OTTAWA – A new paper by researchers at the International Monetary Fund appears to debunk a tenet of conservative economic ideology — that taxing the rich to give to the poor is bad for the economy.
The paper by IMF researchers Jonathan Ostry, Andrew Berg and Charalambos Tsangarides will be applauded by politicians and economists who regard high levels of income inequality as not only a moral stain on society but also economically unsound.
Labelled as the first study to incorporate recently compiled figures comparing pre- and post-tax data from a large number of countries, the authors say there is convincing evidence that lower net inequality is good economics, boosting growth and leading to longer-lasting periods of expansion.
In the most controversial finding, the study concludes that redistributing wealth, largely through taxation, does not significantly impact growth unless the intervention is extreme.
In fact, because redistributing wealth through taxation has the positive impact of reducing inequality, the overall affect on the economy is to boost growth, the researchers conclude.
“We find that higher inequality seems to lower growth. Redistribution, in contrast, has a tiny and statistically insignificant (slightly negative) effect,” the paper states.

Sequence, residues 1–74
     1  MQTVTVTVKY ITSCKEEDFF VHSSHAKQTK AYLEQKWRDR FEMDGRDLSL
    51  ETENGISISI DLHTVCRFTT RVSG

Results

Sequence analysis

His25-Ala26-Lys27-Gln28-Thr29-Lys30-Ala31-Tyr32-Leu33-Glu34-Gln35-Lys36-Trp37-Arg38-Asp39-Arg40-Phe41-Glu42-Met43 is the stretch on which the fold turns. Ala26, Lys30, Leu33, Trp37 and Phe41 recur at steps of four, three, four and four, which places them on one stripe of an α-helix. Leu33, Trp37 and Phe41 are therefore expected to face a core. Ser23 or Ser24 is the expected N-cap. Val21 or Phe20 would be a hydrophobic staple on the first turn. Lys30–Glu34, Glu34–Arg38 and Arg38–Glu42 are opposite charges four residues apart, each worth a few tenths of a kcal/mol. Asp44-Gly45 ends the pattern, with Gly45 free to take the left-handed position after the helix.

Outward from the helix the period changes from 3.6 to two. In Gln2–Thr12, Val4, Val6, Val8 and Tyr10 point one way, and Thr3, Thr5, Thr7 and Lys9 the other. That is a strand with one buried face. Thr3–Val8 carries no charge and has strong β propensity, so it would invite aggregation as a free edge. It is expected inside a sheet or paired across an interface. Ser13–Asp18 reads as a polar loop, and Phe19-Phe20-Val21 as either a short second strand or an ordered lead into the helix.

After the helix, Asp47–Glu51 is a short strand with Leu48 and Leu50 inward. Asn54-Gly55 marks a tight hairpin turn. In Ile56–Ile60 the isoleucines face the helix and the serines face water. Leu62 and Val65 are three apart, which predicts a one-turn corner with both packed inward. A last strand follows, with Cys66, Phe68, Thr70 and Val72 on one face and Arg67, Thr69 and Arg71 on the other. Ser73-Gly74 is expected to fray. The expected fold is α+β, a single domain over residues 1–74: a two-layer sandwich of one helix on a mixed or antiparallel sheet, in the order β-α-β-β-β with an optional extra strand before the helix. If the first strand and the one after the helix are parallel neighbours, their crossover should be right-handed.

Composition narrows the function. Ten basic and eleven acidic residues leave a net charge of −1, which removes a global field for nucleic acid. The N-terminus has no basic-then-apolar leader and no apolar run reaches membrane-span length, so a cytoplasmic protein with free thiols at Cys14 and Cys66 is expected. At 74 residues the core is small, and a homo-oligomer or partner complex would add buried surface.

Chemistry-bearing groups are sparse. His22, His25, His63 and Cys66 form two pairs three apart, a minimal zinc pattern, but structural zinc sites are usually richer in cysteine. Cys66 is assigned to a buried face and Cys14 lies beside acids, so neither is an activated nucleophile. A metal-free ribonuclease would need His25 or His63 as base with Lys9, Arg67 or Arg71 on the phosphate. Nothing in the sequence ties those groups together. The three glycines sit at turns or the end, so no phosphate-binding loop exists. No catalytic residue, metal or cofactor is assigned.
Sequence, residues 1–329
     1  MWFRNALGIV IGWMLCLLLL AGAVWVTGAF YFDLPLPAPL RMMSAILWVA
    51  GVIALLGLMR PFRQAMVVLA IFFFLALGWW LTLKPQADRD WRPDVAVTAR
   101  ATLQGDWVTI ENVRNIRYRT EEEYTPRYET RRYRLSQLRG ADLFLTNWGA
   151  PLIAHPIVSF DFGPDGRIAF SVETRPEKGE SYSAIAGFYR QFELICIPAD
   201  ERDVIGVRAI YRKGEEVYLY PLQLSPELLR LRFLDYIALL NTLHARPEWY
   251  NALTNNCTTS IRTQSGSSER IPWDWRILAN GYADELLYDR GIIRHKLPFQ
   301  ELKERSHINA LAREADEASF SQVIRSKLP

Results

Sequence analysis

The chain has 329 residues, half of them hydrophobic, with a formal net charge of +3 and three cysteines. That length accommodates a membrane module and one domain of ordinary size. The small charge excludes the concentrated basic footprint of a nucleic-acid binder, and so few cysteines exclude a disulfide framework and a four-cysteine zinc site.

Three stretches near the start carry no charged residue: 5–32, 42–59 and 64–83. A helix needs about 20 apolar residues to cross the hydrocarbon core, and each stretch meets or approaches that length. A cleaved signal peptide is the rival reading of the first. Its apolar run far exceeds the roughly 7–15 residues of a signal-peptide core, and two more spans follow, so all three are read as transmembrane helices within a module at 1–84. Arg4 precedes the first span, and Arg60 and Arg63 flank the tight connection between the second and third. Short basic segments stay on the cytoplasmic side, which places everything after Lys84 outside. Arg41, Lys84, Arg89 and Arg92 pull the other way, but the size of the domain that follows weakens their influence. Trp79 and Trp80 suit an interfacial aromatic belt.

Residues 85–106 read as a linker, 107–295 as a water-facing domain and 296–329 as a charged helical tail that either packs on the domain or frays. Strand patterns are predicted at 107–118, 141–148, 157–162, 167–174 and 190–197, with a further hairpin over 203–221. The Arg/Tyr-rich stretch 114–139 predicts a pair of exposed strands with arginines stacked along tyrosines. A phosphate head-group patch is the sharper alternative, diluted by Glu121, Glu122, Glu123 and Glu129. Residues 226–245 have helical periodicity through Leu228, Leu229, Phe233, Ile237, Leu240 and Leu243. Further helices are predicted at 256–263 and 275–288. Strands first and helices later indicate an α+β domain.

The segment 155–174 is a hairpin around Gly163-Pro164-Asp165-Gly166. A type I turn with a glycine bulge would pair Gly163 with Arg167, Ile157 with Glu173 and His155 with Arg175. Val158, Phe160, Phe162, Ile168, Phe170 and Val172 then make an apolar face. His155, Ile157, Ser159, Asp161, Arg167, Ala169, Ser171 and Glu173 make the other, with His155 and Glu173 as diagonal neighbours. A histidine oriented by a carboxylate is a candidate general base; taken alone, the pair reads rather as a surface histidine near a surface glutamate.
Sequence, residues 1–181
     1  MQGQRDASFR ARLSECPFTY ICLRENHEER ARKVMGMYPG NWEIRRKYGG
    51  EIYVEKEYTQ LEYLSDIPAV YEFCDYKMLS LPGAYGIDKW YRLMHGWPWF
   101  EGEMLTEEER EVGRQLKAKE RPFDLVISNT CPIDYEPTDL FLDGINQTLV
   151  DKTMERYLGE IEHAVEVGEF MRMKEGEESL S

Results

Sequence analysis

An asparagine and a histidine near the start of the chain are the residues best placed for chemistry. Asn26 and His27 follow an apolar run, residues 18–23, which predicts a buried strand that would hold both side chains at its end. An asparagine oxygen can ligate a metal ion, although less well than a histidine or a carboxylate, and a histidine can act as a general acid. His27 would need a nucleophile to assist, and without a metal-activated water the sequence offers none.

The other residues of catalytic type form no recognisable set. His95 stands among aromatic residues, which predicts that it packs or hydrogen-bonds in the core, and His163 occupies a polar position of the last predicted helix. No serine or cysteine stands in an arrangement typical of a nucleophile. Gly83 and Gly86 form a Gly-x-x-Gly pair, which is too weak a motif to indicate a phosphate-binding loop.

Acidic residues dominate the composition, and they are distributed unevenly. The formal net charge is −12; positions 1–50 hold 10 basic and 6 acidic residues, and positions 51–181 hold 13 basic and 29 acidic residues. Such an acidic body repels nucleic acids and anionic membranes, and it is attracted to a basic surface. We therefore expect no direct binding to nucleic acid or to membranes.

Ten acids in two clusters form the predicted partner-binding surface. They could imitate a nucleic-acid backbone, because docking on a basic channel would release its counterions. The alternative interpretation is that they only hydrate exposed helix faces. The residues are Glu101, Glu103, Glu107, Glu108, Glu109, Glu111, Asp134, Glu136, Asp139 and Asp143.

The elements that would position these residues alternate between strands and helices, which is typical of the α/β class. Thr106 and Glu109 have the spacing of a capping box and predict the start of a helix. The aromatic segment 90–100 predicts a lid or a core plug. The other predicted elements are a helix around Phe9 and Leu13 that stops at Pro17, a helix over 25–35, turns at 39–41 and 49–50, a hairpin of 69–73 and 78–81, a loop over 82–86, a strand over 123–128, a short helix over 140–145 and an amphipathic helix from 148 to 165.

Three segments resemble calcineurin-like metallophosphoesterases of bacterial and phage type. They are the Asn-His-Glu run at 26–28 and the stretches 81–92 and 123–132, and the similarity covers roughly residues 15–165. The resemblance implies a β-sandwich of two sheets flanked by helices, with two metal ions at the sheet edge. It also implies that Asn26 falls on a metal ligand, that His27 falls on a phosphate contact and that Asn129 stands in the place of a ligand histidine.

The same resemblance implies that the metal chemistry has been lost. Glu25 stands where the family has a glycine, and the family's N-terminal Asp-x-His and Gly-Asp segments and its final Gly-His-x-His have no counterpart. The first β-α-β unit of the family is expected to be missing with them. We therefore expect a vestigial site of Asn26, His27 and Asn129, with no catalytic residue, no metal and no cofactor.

“This implies that, rather than a trade-off, the average result across the sample is a win-win situation, in which redistribution has an overall pro-growth effect.”
While the paper is heavy on the economics, there is no mistaking the political implications in the findings.
In Canada, the Liberal party led by Justin Trudeau is set to make supporting the middle class a key plank in the upcoming election and the NDP has also stressed the importance of tackling income inequality.
Stephen Harper’s Conservatives have boasted that tax cuts, particularly deep reductions in corporate taxation, are at least partly responsible for why the Canadian economy outperformed other G7 countries both during and after the 2008-09 recession.
In the Commons on Tuesday, Employment Minister Jason Kenney said the many tax cuts his government has introduced since 2006, including a two-percentage-point trim of the GST, has helped most Canadians.
Speaking on a Statistics Canada report showing net median family wealth had increased by 44.5 per cent since 2005, he added:
“It is no coincidence because, with the more than 160 tax cuts by this government, Canadian families, on average, have seen their after-tax disposable income increase by 10 per cent across all income categories. We are continuing to lead the world on economic growth and opportunity for working families.”
The authors concede that their conclusions tend to contradict some well-accepted orthodoxy, which holds that taxation is a job killer.